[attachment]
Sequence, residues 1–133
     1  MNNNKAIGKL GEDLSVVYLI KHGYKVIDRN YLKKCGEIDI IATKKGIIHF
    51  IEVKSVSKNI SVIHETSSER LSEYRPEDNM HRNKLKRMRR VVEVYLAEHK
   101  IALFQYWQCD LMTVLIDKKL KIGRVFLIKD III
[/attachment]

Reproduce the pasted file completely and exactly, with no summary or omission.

Sequence, residues 1–133
     1  MNNNKAIGKL GEDLSVVYLI KHGYKVIDRN YLKKCGEIDI IATKKGIIHF
    51  IEVKSVSKNI SVIHETSSER LSEYRPEDNM HRNKLKRMRR VVEVYLAEHK
   101  IALFQYWQCD LMTVLIDKKL KIGRVFLIKD III